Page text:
2015PassionKunstvilla im KunstKulturQuartier Nürnberg, NurembergGroup
2015Kaws La Nave, Las Salinas - Ibiza, SpainLio Malca, New York City, NYGroup
2014Ink DrawingsSkarstedt Gallery, London, United KingdomSolo
2014HeadspaceSimon Lee Gallery, London, United KingdomSolo
2013Paintings & SculptureSprüth Magers, Berlin, Germany Solo
2013DSM-VThe Future Moynihan Station, New YorkGroup
2012George Condo,  Mental StatesSchirn Kunsthalle, Frankfurt, GermanySolo
2012BeuningenSchirn Kunsthalle, Frankfurt, GermanySolo
2012Looking back for the futureKunsthalle, Zurich, SwitzerlandGroup
2012American ExuberanceRubbel Family Collection, Contemporary Arts Foundation, Miami, FloridaGroup
2012GoldÖsterreichische Galerie Belvedere, Vienna, AustriaGroup
2011Drawing PaintingsSkarstedt Gallery, New YorkSolo
2011George Condo, Mental StatesNew Museum, New York (catalogue). Traveled to Museum Boijmans van Solo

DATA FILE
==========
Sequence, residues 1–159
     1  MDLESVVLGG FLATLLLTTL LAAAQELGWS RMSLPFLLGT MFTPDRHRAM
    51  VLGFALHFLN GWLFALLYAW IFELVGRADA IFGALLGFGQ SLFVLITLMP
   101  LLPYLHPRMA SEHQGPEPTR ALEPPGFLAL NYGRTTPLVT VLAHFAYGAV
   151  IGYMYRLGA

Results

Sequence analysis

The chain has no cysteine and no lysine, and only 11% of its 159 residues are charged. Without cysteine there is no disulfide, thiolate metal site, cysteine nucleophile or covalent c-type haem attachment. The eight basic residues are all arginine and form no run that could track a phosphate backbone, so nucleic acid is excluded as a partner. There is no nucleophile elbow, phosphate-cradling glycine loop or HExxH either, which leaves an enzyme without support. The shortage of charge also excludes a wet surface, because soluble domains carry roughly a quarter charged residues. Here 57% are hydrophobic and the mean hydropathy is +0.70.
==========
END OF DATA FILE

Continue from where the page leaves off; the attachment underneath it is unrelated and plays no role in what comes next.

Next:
2011BeuningenRotterdam, The NetherlandsSolo
2011BeuningenHayward Gallery, London, United KingdomSolo
2011DrawingsSprüth Magers, London, United KingdomSolo
2011George Condo: a collection of etchingsJack Rutberg Fine Arts, Los Angeles, CaliforniaSolo
2011Sentimental EducationGavlak Gallery, Palm Beach, FloridaGroup
2011How Soon NowRubbell Family Collection, Miami, FloridaGroup
2010The Lost CivilizationGalerie Andrea Caratsch, Zurich, SwitzerlandSolo
2010Cartoon AbstractionsGalerie Jérome de Noirmont, Paris, FranceSolo
2010Family PortraitsSprüth Magers, Berlin, GermanySolo
2010Whitney BiennialWhitney Museum of American Art, New YorkGroup
2009Everything You Always Wanted to Know About Art But Were Afraid to AskMassimo De Carlo, Milan, ItalySolo
2009George CondoXavier Hufkens, Brussels, BelgiumSolo
2009La Civilisation PerdueMusée Maillol, Paris, FranceSolo
2008George Condo: DrawingsSprüth Magers, Berlin, GermanySolo
2008George CondoGary Tatintsian Gallery, Inc., Moscow, RussiaSolo
2008Christ: The Subjective Nature of Objective RepresentationLuhring Augustine, New YorkSolo
2008Against All Odds: Keith Haring in the Rubell Family CollectionPalm Springs Art Museum, Palm Springs, CaliforniaGroup
2008It’s Not Over YetInvisible-Exports , New YorkGroup
2008God & Goods: Spirituality and Mass ConfusionVilla Manin Centre for Contemporary Art, Passariano – Codroipo, ItalyGroup